South Carolina Gov. Nikki Haley’s decision to remove the Confederate battle flag from the Statehouse grounds in Columbia has given the Palmetto State a much-needed tourism boost.
A new study out of the University of South Carolina’s SmartState Center of Economic Excellence in Tourism found that more than half of out-of-state Black travelers said their desire to visit the state increased when the controversial flag came down.
According to the analysis, a 5 percent increase in tourism among African-Americans would produce $118 million in extra revenue for the state. As a whole, Black tourists tout an economic impact of roughly $2.4 billion just in the state of South Carolina.
There’s still much room for improvement, however, as state leaders work to dispel negative preconceived notions about the area. For instance, researchers found that for almost half of all prospective Black visitors to South Carolina, many feared they would experience racial discrimination while in the state.
“We need to recognize that the fear of racial discrimination is real,” said Simon Hudson, who serves as director of the SmartState Center of Economic Excellence in Tourism. “As tourism providers, we need to better understand travelers from a diverse array of backgrounds and be able to cater to their particular interests and needs.”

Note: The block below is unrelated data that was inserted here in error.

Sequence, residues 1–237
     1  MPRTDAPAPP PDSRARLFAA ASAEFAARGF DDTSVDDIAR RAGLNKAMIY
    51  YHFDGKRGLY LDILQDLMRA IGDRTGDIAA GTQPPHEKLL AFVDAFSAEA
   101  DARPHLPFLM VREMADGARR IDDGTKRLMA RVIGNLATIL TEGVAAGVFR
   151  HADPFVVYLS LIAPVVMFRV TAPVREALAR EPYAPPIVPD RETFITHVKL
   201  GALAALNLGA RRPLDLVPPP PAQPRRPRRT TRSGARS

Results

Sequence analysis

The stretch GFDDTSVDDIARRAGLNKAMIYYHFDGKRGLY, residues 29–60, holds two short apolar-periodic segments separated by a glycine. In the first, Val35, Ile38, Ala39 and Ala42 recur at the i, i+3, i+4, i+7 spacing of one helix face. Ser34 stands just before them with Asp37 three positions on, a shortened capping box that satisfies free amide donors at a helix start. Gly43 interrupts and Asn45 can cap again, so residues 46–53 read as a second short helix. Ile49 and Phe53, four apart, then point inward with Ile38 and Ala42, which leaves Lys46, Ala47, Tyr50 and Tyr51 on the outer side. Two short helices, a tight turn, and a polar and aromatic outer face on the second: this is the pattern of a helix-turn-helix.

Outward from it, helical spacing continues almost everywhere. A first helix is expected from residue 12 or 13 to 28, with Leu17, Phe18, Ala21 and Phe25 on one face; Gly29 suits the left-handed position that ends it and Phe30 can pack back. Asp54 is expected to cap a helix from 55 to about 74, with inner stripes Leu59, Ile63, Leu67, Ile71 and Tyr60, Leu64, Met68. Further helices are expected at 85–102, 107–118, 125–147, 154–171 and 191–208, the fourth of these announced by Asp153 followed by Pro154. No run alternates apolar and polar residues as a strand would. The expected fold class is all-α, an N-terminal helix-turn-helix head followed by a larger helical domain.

Hudson pointed out the potential for growth in South Carolina’s African-American tourist destinations, but noted that additional funding needs to be poured into the preservation of the state’s many historic Black travel sites. The center director said several of the attractions are in need of repairs, as they lack updated technology and are often located in low-income communities.
“We have a great deal of African-American tourism attractions, but there needs to be some real investment in these facilities,” Hudson said. “It’s not only about bringing in new tourists. It’s about investing in what South Carolina already has and building upon it.”
South Carolina moved to take down the Confederate flag last summer following a mass shooting that claimed the lives of nine Black parishioners at Mother Emanuel A.M.E. Church in Charleston. The gunman, Dylann Roof, was a self-professed white supremacist who sported pro-white and Confederate flag symbols in his online photos.
For many, the flag was a bitter reminder of the slavery, segregation and racial discrimination that plagued the South for decades. On July 9, 2015, South Carolina voted to remove the flag from its state capitol grounds, sparking efforts to eradicate the controversial symbol nationwide.
“Today, as the Senate did before them, the House of Representatives has served the State of South Carolina and her people with great dignity,” Gov. Haley said in a statement. “It is a new day in South Carolina, a day we can all be proud of, a day that truly brings us all together as we continue to heal, as one people and one state.”